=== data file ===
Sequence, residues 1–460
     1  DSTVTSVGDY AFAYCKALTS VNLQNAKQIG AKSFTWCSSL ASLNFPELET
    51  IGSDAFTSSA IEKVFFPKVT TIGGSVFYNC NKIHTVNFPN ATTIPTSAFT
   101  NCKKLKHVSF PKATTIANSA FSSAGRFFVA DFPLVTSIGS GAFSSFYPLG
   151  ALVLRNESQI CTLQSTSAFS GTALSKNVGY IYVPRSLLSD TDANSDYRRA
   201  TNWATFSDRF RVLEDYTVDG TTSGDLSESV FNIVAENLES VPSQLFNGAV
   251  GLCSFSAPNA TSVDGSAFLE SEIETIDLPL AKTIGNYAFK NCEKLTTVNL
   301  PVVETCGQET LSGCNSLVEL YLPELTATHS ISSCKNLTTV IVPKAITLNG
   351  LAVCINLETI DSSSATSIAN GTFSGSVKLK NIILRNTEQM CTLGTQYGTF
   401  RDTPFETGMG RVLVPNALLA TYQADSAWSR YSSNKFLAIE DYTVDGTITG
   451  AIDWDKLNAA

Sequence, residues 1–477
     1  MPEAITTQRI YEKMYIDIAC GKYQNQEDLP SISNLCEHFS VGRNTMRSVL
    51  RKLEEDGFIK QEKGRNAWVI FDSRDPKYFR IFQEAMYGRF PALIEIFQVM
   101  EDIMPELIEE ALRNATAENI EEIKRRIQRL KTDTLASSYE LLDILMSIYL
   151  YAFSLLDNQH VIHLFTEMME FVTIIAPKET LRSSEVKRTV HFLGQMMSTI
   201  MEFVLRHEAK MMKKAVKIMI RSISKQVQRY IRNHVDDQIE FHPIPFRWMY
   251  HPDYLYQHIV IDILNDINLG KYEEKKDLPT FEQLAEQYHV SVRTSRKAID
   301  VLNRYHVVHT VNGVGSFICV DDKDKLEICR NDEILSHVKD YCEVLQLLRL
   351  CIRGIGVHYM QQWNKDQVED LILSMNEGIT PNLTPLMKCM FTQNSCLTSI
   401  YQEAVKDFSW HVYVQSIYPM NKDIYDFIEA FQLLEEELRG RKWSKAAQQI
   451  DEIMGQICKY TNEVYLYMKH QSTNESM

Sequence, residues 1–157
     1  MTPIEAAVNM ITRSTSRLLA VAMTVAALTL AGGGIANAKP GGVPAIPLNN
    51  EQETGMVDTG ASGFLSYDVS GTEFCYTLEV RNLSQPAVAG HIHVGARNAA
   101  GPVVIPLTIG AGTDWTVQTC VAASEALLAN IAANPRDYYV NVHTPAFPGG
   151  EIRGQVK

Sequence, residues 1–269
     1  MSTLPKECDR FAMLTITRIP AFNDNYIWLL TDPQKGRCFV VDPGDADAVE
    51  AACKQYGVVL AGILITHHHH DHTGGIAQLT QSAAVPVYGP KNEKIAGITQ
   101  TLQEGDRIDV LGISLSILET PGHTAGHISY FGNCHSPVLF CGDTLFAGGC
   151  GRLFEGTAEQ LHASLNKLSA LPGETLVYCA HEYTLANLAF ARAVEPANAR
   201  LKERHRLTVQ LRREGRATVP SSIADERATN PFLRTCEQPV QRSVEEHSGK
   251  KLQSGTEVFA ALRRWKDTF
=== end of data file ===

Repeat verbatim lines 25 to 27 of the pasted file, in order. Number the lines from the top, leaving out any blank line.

    51  EQETGMVDTG ASGFLSYDVS GTEFCYTLEV RNLSQPAVAG HIHVGARNAA
   101  GPVVIPLTIG AGTDWTVQTC VAASEALLAN IAANPRDYYV NVHTPAFPGG
   151  EIRGQVK